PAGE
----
Redirect Users With State Parameters

You can store the application state parameter before you redirect users to authenticate so that you can redirect them back to a URL. For example, if a user intends to access a protected page in your application, and that action triggers the request to authenticate, you can store that URL to redirect the user back to their intended page after the authentication finishes.

Use the state parameter to lookup and restore the previous state of your application. Generate and store a nonce locally (cookies/session/localstorage), along with any desired state data (like the redirect URL). Use the nonce as a state in the protocol message. If the returned state matches the stored nonce, accept the OAuth2 message and fetch the corresponding state data from storage. This is the approach used by Auth0.js.

  1. Generate the nonce that you will use to protect against CSRF attacks as explained before. Store the nonce locally, using it as the key to store all the other application state like the URL where the user intended to go. For example:

      "xyzABC123" : {
        redirectUrl: '/protectedResource',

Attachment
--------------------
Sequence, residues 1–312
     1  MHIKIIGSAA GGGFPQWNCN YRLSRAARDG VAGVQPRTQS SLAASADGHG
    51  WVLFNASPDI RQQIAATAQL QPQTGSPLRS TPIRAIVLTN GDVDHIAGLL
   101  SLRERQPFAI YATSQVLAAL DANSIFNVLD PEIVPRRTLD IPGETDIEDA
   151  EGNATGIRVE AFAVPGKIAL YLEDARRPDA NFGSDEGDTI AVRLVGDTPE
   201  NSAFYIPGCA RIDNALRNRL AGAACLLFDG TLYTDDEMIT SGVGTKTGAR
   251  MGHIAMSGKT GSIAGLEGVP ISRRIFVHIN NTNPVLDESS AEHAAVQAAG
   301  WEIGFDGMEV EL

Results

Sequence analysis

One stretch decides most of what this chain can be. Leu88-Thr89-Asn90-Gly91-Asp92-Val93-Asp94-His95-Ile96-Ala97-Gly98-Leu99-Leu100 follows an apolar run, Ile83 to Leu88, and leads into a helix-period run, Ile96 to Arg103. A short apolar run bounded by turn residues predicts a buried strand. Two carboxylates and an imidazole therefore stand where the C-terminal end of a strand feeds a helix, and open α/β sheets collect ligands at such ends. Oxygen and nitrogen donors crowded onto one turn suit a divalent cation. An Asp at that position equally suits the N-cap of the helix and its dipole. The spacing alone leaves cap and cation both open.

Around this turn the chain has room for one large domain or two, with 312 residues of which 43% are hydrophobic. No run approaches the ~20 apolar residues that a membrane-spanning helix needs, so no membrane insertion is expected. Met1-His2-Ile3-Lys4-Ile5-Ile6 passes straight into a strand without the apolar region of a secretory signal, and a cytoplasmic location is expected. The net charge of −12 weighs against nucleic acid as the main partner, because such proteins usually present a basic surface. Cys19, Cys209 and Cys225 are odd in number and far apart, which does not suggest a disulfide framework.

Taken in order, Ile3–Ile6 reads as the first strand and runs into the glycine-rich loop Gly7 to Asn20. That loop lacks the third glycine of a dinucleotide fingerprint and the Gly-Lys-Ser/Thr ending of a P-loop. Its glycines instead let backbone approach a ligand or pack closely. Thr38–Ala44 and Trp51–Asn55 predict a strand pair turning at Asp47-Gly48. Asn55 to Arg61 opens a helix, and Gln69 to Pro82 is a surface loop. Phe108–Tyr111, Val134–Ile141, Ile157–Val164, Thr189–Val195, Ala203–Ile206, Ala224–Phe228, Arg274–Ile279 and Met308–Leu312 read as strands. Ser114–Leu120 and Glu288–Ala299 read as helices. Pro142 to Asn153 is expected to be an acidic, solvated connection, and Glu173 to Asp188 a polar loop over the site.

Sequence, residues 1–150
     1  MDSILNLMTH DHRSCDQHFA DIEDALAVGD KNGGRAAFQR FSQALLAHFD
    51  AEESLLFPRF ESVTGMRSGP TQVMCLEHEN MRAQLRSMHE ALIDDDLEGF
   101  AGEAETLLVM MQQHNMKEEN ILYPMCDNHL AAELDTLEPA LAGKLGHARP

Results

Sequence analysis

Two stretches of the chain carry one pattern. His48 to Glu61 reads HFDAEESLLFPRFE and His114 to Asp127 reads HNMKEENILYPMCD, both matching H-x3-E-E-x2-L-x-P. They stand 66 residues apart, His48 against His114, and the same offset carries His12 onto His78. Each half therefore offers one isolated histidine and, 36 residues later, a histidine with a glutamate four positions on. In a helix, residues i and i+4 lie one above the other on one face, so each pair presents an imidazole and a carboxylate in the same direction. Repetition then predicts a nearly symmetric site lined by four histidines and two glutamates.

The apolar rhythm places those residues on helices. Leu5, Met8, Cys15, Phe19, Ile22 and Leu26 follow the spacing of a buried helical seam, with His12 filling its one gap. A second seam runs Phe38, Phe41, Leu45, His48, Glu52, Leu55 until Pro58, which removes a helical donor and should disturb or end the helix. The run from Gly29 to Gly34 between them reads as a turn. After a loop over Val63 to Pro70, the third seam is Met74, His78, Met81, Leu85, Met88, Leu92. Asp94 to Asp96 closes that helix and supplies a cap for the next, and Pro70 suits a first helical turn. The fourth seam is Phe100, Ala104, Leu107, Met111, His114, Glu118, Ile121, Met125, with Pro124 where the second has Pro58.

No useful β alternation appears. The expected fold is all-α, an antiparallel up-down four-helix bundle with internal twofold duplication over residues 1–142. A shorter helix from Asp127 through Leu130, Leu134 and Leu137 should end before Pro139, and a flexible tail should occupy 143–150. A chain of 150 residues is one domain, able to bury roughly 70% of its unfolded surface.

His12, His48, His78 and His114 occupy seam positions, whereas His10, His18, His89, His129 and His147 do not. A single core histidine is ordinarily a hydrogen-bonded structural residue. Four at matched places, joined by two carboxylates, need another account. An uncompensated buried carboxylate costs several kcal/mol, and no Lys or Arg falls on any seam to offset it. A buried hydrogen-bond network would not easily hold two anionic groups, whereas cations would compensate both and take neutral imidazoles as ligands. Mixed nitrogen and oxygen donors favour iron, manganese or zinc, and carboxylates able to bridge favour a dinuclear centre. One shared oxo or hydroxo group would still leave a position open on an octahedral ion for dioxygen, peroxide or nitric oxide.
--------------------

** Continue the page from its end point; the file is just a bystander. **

expiresOn: [...]
  2. Authenticate the user, sending the generated nonce as the state.

  3. As part of the callback processing and response validation, verify that the state returned matches the nonce stored locally. If it does, retrieve the rest of the application state (like the redirectUrl).

  4. Once you complete the callback processing, redirect the user to the URL previously stored.

    Again, how you store the nonce and the URL or other information pertinent to the application state depends on your application's type. It can be local storage in single-page or native apps or a cookie in a regular web app.

Alternate method

Alternatively, you can:

  1. Generate and store a nonce locally.

  2. Encode any desired state (like the redirect URL) along with the nonce in a protected message (that will need to be encrypted/signed to avoid tampering).

  3. In the response processing, unprotect the message, getting the nonce and other properties stored.

  4. Validate that the included nonce matches what was stored locally and, if so, accept the OAuth2 message.

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